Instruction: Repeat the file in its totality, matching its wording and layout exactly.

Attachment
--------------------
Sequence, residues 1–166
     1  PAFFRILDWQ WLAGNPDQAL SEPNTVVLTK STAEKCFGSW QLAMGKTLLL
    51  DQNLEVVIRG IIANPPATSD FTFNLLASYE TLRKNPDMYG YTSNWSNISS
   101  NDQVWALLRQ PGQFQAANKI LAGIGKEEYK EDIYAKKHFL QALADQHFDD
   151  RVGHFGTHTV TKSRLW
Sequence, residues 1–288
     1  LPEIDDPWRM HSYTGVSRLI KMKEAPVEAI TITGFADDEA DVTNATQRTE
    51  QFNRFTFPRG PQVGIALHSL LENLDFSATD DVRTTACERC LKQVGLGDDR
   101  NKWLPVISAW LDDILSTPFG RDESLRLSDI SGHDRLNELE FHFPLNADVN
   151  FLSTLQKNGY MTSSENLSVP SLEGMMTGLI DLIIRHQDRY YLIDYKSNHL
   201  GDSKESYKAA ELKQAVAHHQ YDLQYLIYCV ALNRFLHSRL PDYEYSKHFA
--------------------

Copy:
Sequence, residues 1–166
     1  PAFFRILDWQ WLAGNPDQAL SEPNTVVLTK STAEKCFGSW QLAMGKTLLL
    51  DQNLEVVIRG IIANPPATSD FTFNLLASYE TLRKNPDMYG YTSNWSNISS
   101  NDQVWALLRQ PGQFQAANKI LAGIGKEEYK EDIYAKKHFL QALADQHFDD
   151  RVGHFGTHTV TKSRLW
Sequence, residues 1–288
     1  LPEIDDPWRM HSYTGVSRLI KMKEAPVEAI TITGFADDEA DVTNATQRTE
    51  QFNRFTFPRG PQVGIALHSL LENLDFSATD DVRTTACERC LKQVGLGDDR
   101  NKWLPVISAW LDDILSTPFG RDESLRLSDI SGHDRLNELE FHFPLNADVN
   151  FLSTLQKNGY MTSSENLSVP SLEGMMTGLI DLIIRHQDRY YLIDYKSNHL
   201  GDSKESYKAA ELKQAVAHHQ YDLQYLIYCV ALNRFLHSRL PDYEYSKHFA